Information for Employers
Following the introduction of the European Physical Agents (Vibration) Directive 2002/44/EC, employers now have a duty of care to ensure their workers are not exposed to potentially harmful vibration levels.
How do I protect my workers?
Worker protection begins with risk assessment. Workers performing tasks that involve continuous tool use for prolonged periods or the use of heavy duty hammers and picks are most at risk. To protect these workers it is recommended that you implement a workplan that involves some / all of the following measures as appropriate to the potential risk:
- Ensure workers are kept warm and dry, especially their hands and arms.
- Rotate workers performing tasks that involve above average vibration exposure such as concrete breaking.
- Choose good quality power tools that incorporate vibration reduction technologies. In doing so it is still important to consider the performance of the tool. Some power tools that advertise low vibration features will have lower performance and so your workers will take longer to perform their tasks. Using a tool that cuts vibration exposure by 50% but takes twice as long to perform the job will not lessen your worker's vibration exposure and may cost you in lost time and productivity. Consider range of UVP low vibration power tools as a good option that combine reduced vibration exposure to workers without compromising on performance.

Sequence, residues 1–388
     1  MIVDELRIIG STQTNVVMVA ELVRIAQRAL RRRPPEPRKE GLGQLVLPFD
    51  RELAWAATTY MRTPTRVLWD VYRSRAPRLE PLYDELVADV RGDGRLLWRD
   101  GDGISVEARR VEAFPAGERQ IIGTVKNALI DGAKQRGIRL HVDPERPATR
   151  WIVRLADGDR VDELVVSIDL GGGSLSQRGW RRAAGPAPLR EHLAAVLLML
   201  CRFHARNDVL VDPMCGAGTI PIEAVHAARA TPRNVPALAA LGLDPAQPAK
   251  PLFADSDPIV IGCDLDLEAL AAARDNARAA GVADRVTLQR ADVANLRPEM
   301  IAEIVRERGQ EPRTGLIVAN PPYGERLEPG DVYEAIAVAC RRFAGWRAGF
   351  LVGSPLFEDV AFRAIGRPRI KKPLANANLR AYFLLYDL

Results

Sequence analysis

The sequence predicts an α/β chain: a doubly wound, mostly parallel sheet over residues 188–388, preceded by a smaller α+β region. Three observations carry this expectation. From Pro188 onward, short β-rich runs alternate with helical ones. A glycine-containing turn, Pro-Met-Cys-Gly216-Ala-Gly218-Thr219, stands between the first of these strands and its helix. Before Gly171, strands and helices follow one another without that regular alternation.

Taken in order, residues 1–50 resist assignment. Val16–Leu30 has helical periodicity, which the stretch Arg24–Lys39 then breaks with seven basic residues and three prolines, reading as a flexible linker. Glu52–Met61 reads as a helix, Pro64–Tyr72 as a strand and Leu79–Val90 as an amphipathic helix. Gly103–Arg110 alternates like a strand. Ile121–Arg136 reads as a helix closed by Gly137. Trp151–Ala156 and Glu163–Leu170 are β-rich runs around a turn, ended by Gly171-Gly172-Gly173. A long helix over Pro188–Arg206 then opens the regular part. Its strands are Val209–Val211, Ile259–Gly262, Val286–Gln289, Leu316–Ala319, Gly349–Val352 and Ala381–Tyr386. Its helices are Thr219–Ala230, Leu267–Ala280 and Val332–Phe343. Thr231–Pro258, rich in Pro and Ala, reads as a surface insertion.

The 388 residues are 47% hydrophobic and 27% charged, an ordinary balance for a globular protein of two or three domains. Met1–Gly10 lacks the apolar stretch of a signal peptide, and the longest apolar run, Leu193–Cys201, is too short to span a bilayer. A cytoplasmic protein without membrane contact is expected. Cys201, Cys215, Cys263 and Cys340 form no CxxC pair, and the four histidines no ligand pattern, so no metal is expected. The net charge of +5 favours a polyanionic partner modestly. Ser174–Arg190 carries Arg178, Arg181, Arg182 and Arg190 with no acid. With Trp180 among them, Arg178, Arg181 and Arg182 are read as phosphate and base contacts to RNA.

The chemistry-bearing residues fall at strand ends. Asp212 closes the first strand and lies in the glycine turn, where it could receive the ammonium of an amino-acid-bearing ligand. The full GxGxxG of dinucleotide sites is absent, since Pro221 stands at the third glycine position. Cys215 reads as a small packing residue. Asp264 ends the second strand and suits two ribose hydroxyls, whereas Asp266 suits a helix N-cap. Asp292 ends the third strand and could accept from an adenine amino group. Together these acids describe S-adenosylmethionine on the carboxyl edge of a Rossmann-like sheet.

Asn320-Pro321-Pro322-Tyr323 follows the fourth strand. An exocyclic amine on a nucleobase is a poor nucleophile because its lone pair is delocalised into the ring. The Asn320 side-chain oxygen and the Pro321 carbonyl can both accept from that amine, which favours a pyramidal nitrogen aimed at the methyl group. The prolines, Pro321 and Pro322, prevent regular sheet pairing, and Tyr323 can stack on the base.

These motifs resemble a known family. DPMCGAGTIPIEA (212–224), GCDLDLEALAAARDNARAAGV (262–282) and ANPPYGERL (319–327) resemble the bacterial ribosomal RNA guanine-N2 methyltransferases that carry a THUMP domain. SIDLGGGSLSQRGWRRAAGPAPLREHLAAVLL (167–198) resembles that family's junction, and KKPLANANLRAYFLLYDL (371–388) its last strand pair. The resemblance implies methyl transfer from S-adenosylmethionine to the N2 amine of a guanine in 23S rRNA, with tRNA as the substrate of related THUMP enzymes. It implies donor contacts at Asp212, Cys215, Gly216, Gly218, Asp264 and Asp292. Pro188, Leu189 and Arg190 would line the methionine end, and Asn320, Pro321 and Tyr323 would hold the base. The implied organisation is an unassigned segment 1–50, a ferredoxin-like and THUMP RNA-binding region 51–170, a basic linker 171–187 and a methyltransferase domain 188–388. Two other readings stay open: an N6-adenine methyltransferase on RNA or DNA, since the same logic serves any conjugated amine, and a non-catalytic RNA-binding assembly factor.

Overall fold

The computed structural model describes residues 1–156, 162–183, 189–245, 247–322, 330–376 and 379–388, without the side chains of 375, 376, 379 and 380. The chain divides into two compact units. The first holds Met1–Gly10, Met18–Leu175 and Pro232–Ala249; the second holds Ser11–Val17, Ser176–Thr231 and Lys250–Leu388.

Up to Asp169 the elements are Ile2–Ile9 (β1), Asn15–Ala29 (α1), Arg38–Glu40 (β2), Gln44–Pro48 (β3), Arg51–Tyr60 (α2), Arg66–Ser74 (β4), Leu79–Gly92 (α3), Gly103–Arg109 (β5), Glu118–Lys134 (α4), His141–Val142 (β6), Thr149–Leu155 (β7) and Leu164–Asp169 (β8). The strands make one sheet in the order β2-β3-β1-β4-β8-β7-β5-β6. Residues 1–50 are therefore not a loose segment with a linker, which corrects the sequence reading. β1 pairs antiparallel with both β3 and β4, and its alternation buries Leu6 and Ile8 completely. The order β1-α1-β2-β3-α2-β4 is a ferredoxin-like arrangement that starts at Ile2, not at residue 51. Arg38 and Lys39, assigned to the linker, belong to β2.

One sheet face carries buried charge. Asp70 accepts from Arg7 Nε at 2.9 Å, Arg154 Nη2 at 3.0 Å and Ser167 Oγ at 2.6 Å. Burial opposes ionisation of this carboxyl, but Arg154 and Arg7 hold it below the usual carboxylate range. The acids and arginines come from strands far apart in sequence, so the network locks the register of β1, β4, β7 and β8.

How do I assess a tool's vibration performance?
To assess the potential risk, find the vibration measurement for the tool and convert the value to trigger time.To perform the conversion click here. This conversion will give 2 values. The first, known as the EAV (Exposure Action Value) acts a warning signal for you to take measures that will minimise workers vibration exposure for the rest of the day. The second value, known as the ELV (Exposure Limit Value) sets the maximum time that your workers should use a tool in a single working day. Once this value has been reached the worker should refrain from using vibrating tools for the rest of the day. Note the time is given as "trigger-time" and represents the total use time for the tool not including stoppages. Any stoppages such as lunch breaks or non-tool work and preparation should be added to calculate the maximum job time for using the tool.